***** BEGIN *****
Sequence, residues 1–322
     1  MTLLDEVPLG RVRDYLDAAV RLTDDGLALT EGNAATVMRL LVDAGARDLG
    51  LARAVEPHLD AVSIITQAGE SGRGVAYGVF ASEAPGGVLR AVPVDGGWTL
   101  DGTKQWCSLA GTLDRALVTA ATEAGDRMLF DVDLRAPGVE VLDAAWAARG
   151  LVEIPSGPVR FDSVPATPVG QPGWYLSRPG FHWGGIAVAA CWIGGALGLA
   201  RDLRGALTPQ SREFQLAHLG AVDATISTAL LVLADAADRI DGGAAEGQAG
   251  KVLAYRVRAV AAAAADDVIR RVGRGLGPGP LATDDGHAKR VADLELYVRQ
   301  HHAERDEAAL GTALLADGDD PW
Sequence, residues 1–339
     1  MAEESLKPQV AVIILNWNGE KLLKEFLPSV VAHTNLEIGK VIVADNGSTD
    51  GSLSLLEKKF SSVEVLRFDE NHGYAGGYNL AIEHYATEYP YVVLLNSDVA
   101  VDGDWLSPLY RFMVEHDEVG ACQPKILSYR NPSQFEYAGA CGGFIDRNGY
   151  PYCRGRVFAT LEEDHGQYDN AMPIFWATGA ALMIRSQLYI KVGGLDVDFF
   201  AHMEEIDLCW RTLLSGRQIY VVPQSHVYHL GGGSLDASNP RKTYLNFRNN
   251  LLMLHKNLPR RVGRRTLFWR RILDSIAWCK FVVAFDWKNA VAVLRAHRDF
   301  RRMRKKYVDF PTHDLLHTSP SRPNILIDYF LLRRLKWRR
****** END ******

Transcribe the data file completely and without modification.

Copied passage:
Sequence, residues 1–322
     1  MTLLDEVPLG RVRDYLDAAV RLTDDGLALT EGNAATVMRL LVDAGARDLG
    51  LARAVEPHLD AVSIITQAGE SGRGVAYGVF ASEAPGGVLR AVPVDGGWTL
   101  DGTKQWCSLA GTLDRALVTA ATEAGDRMLF DVDLRAPGVE VLDAAWAARG
   151  LVEIPSGPVR FDSVPATPVG QPGWYLSRPG FHWGGIAVAA CWIGGALGLA
   201  RDLRGALTPQ SREFQLAHLG AVDATISTAL LVLADAADRI DGGAAEGQAG
   251  KVLAYRVRAV AAAAADDVIR RVGRGLGPGP LATDDGHAKR VADLELYVRQ
   301  HHAERDEAAL GTALLADGDD PW
Sequence, residues 1–339
     1  MAEESLKPQV AVIILNWNGE KLLKEFLPSV VAHTNLEIGK VIVADNGSTD
    51  GSLSLLEKKF SSVEVLRFDE NHGYAGGYNL AIEHYATEYP YVVLLNSDVA
   101  VDGDWLSPLY RFMVEHDEVG ACQPKILSYR NPSQFEYAGA CGGFIDRNGY
   151  PYCRGRVFAT LEEDHGQYDN AMPIFWATGA ALMIRSQLYI KVGGLDVDFF
   201  AHMEEIDLCW RTLLSGRQIY VVPQSHVYHL GGGSLDASNP RKTYLNFRNN
   251  LLMLHKNLPR RVGRRTLFWR RILDSIAWCK FVVAFDWKNA VAVLRAHRDF
   301  RRMRKKYVDF PTHDLLHTSP SRPNILIDYF LLRRLKWRR